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A Summery Seafood Salad

wolfgangSummer is a perfect time to enjoy seafood. Light and fresh in flavor and texture, and therefore refreshing to eat, it's an ideal ingredient for the season. And when it comes to using seasonal ingredients in your cooking, a great seafood choice right now is fresh crabmeat.

During warm weather, I love to make seafood salads, especially those featuring crabmeat as well as shrimp. It seems everybody enjoys them. In fact, when I walk through the dining room and see my guests tucking into seafood salads, their relaxed smiles sometimes make it seem as if they've been magically transported to a seaside resort and are feeling the sunshine and breeze on their faces.

As relaxing to eat as my recipe is for Crab and Shrimp Salad, it's also incredibly easy on the cook. The few ingredients require almost no preparation, just a little cutting, picking, and stirring. And no heat is involved -- welcome relief in summer.

You can buy the crabmeat and shrimp already cooked and shelled and ready to serve. Be sure to get them from a seafood store you know and trust, one with a good reputation and a frequent turnover of product. Let your eyes and nose be your guide to picking good-quality product, which should look bright and firm yet moist and should smell only fresh, sweet, and clean. Any hint of "off" odors that seem fishy or remind you of ammonia should send you looking elsewhere. Buy the seafood the same day you plan to use it -- and keep it refrigerated, of course, until you do.

As for the vegetables that complete the salad, use the prewashed and bagged mixed baby greens so widely available in markets today, along with summer tomatoes and avocado. By all means, feel free to add other salad vegetables you like to the mixture as well, such as shredded baby carrots, thinly sliced cucumber, slivers of bell pepper, some chopped celery -- whatever strikes your fancy.

For the dressing, I like to use a version of the classic tartar sauce so often served with seafood, an easily made recipe you can base on good-quality store-bought mayonnaise. For a change of pace, you could stir garlic and lemon juice or fresh basil into the mayonnaise, or use your favorite Caesar dressing (omitting the Parmesan cheese), or substitute a light, lemony vinaigrette. Whichever you use, take care not to overdress the seafood, as the sauce should enhance rather than overpower it.

Serve the salad as a light main course, or in smaller portions as an appetizer. Either way, prepare to feel at first bite as if you've suddenly been transported to a summer seaside resort!

CRAB AND SHRIMP SALAD

Serves 4 to 6

3/4 pound fresh crabmeat, preferably from stone crabs from the Atlantic or Gulf of Mexico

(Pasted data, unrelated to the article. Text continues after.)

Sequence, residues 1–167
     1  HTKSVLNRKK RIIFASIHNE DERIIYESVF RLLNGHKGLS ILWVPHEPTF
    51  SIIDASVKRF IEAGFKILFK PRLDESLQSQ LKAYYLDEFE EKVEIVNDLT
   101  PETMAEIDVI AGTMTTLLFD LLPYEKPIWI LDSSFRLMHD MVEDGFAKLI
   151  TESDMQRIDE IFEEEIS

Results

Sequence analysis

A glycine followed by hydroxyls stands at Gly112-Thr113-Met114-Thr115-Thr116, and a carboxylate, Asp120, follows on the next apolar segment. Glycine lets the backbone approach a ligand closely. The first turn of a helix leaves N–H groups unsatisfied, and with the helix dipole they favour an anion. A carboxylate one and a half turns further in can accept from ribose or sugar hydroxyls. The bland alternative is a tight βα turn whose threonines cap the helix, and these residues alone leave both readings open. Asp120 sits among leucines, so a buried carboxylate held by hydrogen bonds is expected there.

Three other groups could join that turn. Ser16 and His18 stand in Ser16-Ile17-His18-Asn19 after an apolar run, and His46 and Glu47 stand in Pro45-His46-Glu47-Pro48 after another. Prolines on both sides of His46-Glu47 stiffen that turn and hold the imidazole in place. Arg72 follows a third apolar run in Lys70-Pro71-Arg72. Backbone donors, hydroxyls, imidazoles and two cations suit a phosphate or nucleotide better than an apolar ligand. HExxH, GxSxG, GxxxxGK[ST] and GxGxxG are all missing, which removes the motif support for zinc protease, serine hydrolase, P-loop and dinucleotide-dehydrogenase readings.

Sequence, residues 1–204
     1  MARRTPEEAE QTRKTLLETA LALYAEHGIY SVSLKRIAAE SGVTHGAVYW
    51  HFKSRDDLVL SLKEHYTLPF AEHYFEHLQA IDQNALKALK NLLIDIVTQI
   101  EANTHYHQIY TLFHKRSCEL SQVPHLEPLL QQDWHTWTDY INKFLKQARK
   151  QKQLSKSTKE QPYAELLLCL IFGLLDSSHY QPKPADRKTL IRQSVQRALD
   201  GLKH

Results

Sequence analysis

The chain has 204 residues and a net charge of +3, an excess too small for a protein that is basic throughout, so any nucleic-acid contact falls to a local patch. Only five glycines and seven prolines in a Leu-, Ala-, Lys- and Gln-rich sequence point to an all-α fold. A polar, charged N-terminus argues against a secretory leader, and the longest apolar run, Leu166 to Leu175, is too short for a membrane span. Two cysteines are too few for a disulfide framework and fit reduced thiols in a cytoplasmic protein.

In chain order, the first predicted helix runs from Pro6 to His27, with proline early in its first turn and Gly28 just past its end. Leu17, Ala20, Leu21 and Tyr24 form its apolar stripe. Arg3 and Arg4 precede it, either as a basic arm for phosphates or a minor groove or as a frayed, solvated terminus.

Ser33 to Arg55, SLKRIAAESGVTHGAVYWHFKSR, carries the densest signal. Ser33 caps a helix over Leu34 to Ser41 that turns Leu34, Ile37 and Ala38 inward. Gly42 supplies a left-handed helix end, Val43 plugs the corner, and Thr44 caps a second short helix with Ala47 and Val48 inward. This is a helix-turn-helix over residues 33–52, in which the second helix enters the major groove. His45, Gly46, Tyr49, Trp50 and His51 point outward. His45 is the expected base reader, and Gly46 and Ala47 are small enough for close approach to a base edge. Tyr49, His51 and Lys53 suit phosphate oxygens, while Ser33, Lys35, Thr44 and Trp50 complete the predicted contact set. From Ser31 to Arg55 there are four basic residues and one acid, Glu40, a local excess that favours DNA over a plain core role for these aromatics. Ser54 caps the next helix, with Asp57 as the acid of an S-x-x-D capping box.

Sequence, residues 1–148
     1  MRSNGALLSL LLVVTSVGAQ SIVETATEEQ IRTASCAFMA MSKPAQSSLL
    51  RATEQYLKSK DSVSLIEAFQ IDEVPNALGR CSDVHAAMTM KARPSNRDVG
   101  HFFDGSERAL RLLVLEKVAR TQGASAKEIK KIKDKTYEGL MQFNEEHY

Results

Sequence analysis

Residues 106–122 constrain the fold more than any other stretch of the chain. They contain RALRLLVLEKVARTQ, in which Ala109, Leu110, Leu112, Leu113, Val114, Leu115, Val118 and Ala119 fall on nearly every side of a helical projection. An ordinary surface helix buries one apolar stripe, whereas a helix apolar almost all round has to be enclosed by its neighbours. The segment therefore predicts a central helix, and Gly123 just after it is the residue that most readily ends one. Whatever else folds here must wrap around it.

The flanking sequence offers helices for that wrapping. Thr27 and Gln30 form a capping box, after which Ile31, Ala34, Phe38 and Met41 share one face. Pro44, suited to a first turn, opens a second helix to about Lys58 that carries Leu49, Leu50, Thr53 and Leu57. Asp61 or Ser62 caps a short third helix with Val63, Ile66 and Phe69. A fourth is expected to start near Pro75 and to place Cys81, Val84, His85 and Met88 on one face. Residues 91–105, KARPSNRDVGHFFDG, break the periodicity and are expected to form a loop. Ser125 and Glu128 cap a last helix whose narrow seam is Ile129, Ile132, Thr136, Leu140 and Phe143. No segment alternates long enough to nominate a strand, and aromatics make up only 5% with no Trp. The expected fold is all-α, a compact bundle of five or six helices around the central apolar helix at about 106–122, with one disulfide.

3/4 pound domestic wild-caught pink shrimp, cooked

1/2 cup Tartar Sauce (recipe follows)

1/3 cup minced fresh organic chives, plus 1 tablespoon extra for garnish

1/3 cup finely diced red onion

6 cups mixed organic baby greens

3 ripe tomatoes, stemmed and thinly sliced

6 tablespoons extra-virgin olive oil

Salt

Freshly ground black pepper

Sugar

1 ripe but firm avocado, halved, pitted, peeled, and cut lengthwise into thin slices

1 tablespoon minced parsley

With your fingertips, pick through the crabmeat to remove any pieces of shell or cartilage. Transfer the crabmeat to a mixing bowl. Pick through the shrimp to remove any fragments of shell, and then add the shrimp to the crabmeat.

Add the Tartar Sauce, chives, and red onion to the bowl. Gently fold the ingredients together until the seafood, chives, and onion are well mixed and evenly coated with the dressing. If not serving immediately, cover and refrigerate.

On 4 chilled main-course salad plates or 6 chilled appetizer salad plates, attractively arrange beds of the baby greens. Scoop the seafood salad in mounds on the center of each bed of greens.

Arrange the tomato slices attractively around the seafood salad and season them with just a pinch of sugar. Arrange the avocado slices attractively among the tomato slices; then, season both the avocado and tomatoes with salt and pepper to taste and drizzle them lightly with the olive oil. Garnish each plate with the remaining chives and the parsley and serve immediately.

TARTAR SAUCE

Makes about 1-1/2 cups

1-1/2 cups store-bought mayonnaise

1 tablespoon chopped cornichons (tiny French-style dill pickles)

1 tablespoon small rinsed and drained capers

1 tablespoon chopped fresh tarragon

1 tablespoon chopped fresh chives

1/2 teaspoon sugar

Put the mayonnaise in a mixing bowl. With a spoon or a wire whisk, stir in the cornichons, capers, tarragon, chives, and sugar until thoroughly blended. Cover with plastic wrap and refrigerate until ready to use, up to 3 days.

(c) 2009 WOLFGANG PUCK WORLDWIDE, INC. DISTRIBUTED BY TRIBUNE MEDIA SERVICES, INC.

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